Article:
Charles Darwin's On the Origin of Species

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Charles Darwin in his book, On the Origin of Species, presents us with a theory of natural selection. This theory is his attempt at an explanation on how the world and its' species came to be the way that we know them now. Darwin writes on how through a process of millions of years, through the effects of man and the effects of nature, species have had an ongoing trial and error experiment. It is through these trials that the natural world has developed beneficial anomalies that at times seem too great to be the work of chance.

Darwin writes on how a species will adapt to its environment given enough time. When an animal gains a genetic edge over its competitors, be they of the same species or of another genus altogether, the animal has increased its chance of either procreation or adaptation. When this animal has this beneficial variance, the advantage becomes his and because of this, the trait is then passed on to the animals offspring.

The theory of natural selection is not limited to inheritable and beneficial variations of a species. It also relies a great deal on the population growth and death of a species. For a species to continue to exist it must make sure of a few things. It must first produce more offspring that survive. If this is not done then the species is obviously going to die off. It is also important for the species to propagate at such a rate as to allow for variance, for it is variance that will ultimately allow the animal to exist comfortably in his surroundings. In his studies, Darwin was led to understand that “…the species of the larger genera in each country would oftener present varieties, than the species of the smaller genera;” (p. 55). Thus the larger species would adapt while the smaller one would not. And to quote Darwin again, “…if any one species does not become modified and improved in a corresponding degree with its competitors, it will soon be exterminated.” (p. 102)

Extinction, although not as pleasant a concept as the idea of adapting to ones surroundings, plays just as large a role in natural selection as anything else. As one adaptation of a species proves beneficial, and as that variation begins to propagate, the original, less advantageous variant will die off. It is the unchanged species that are in immediate conflict with the species undergoing the natural adaptation that stand to suffer...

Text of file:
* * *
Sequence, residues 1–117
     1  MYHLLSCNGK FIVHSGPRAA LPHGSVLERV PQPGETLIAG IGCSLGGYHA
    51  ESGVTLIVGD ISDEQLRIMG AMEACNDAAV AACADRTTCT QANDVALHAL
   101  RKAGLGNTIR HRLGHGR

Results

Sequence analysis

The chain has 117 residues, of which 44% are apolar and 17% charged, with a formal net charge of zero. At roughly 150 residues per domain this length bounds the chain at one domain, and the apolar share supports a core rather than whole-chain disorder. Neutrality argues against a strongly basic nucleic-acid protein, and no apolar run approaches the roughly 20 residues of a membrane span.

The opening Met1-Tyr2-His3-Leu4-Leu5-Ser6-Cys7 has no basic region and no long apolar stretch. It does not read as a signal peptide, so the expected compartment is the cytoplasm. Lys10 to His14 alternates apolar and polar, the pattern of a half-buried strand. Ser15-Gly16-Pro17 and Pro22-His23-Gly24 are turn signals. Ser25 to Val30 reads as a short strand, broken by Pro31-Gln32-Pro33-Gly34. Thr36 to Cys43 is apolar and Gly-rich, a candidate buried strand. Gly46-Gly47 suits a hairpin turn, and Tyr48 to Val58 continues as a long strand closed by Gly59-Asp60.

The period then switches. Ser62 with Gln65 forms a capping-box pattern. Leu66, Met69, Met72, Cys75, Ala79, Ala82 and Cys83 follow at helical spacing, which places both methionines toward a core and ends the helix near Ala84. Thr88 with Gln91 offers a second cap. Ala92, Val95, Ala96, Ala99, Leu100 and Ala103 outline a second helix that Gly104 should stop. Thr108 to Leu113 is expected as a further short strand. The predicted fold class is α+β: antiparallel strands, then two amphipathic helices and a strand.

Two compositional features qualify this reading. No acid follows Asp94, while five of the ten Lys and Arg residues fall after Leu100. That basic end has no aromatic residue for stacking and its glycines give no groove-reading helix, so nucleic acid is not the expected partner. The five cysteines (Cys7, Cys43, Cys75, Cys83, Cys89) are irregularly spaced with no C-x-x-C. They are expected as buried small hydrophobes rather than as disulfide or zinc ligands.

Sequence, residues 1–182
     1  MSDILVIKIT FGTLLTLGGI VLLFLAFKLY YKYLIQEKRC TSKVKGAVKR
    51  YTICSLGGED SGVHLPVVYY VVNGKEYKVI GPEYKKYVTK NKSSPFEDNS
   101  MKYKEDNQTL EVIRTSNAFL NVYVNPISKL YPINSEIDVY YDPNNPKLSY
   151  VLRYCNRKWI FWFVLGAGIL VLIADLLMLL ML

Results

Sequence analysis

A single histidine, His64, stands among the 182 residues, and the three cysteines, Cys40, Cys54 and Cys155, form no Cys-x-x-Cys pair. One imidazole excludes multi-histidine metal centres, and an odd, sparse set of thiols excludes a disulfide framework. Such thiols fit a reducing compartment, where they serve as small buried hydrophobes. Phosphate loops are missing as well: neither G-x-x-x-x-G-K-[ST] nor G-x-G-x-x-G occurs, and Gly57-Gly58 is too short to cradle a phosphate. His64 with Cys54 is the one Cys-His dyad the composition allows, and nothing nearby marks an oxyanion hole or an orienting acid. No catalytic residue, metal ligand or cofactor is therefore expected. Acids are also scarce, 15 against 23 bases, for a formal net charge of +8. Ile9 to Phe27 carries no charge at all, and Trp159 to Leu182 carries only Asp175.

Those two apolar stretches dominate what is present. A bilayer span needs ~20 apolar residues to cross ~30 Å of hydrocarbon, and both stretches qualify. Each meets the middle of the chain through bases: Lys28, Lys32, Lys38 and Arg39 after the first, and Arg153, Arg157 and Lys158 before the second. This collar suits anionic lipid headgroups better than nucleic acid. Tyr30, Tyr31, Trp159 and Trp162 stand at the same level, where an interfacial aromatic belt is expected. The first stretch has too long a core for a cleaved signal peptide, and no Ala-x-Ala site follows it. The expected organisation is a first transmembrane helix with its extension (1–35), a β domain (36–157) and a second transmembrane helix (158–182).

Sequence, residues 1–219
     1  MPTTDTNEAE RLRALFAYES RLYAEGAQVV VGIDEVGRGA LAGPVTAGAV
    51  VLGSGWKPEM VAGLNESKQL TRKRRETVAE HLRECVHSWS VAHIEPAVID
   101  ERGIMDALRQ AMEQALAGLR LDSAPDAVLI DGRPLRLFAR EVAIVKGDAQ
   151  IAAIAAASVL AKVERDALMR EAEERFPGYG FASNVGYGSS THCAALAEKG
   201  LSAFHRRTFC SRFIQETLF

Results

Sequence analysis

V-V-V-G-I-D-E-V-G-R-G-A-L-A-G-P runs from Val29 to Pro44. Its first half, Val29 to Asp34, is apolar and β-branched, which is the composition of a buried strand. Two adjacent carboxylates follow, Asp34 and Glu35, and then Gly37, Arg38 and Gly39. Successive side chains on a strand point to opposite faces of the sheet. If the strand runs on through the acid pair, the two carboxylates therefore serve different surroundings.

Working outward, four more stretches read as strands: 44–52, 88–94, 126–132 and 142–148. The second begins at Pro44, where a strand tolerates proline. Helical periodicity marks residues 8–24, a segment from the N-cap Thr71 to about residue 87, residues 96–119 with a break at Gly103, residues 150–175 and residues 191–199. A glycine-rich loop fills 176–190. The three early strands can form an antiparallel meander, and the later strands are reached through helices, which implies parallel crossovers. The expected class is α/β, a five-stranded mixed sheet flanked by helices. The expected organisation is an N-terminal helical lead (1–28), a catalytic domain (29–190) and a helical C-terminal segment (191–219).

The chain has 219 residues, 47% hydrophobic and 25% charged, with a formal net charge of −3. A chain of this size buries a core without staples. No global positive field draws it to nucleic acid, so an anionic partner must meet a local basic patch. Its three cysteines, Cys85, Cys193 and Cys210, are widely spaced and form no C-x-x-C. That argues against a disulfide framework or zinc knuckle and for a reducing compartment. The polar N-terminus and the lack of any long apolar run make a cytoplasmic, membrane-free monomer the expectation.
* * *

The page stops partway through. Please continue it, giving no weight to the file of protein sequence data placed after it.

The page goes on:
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...was one hundred percent. Sometimes his arguments fell a little flat and at other times he sounded a bit trite as if he were challenging others to come up with a better answer. And in some ways I hope he was. In the meantime, however, I think he could have done a better job.

I am an evolutionist. I have always been an evolutionist. For years now I have known the premise of Darwin’s theory of natural selection. And for years now I have blindly believed it. Having read his book, I can still say that I believe in evolution, and I believe in Darwin’s work. But if there was ever a doubt in my mind it was only because Darwin put it there. It is because of this that I truly think Darwin was fair in the utmost sense of the word. Had he not been fair, which he could have been, he could have made a most convincing argument. But he stated every question in his theories and did his best to rebut. And I feel that in his rebuttal, he was convincing indeed.

Work Cited

Darwin, C. On the Origin of Species. Harvard University Press. Cambridge. 2003.

Work Consulted

Desmond, A. & Moore, J. Darwin: The Life of a Tormented Evolutionist. W.W. Norton & Company. New York. 1994
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